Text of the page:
John Frederick Kensett (1816-1872)

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John Frederick Kensett (1816-1872)

John Frederick Kensett (1816-1872)

John F. Kensett studied engraving with his father, Thomas (1786-1829), and his uncle, Alfred Daggett (1799-1872), in New Haven. He went to work in New York as a bank note engraver in 1838. In 1840 he went to Europe with Asher B. Durand and John W. Casilear. In Europe Kensett studied painting and met his lifelong friend, Benjamin Champney. Kensett and Champney traveled throughout Europe sketching and painting together. Kensett returned to America in 1847 and in 1850 he and Champney went to Fryeburg, Maine, and on to Conway. At that time Kensett made the sketches of his famous painting Mount Washington from the Valley of Conway (later engraved by the American Art Union). Kensett made his home in New York City, but he spent much of his life traveling to the mountains in the West, upstate New York, and New England. One of the leading painters of the Hudson River School, he painted extensively throughout New England.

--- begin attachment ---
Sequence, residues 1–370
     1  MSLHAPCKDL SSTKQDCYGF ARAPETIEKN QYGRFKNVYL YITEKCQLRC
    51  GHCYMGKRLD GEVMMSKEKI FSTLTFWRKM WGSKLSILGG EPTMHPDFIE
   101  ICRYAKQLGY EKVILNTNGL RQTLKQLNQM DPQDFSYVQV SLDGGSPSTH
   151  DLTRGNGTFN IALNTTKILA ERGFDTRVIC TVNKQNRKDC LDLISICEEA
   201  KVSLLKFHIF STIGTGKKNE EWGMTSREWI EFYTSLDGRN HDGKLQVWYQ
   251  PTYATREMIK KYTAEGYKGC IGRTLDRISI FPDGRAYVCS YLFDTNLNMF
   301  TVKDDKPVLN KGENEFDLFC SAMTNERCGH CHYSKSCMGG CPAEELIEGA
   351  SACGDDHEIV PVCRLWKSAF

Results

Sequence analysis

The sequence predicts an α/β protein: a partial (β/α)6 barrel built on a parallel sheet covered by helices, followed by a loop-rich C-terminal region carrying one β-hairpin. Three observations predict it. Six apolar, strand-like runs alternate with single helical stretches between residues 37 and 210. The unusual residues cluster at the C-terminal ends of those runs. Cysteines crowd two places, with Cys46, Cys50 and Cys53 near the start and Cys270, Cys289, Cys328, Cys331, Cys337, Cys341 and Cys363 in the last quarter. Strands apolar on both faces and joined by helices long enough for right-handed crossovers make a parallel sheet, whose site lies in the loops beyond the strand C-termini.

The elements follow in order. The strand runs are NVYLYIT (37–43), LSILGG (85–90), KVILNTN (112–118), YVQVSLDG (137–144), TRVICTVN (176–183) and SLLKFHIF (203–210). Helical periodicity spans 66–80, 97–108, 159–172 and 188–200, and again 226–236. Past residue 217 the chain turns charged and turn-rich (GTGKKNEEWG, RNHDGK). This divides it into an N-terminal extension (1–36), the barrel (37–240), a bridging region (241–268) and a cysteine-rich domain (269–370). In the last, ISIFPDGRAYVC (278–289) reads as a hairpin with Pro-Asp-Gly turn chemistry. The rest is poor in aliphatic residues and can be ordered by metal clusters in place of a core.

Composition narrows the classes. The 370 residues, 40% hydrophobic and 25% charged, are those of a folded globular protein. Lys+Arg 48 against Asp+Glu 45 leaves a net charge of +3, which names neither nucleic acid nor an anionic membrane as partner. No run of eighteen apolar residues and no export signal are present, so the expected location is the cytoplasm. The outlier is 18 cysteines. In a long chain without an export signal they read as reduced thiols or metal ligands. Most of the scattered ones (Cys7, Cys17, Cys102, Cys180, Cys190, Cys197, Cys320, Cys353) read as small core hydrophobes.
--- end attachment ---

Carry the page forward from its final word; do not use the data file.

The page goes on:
He was elected a full member of the National Academy of Design in 1849.

On January 17, 1870, Kensett was elected as one of the founding members of the first Metropolitan Museum of Art Board of Trustees.

Kensett met his untimely death on Saturday, December 14, 1872 while in his studio in New York City. Cause of death was determined to be pneumonia and heart disease which he contracted while heroically trying to retrieve the lifeless body of Mrs. Vincent Colyer from a chilly ocean inlet at Contentment Island, Connecticut.

Signatures

References
John Frederick Kensett, An American Master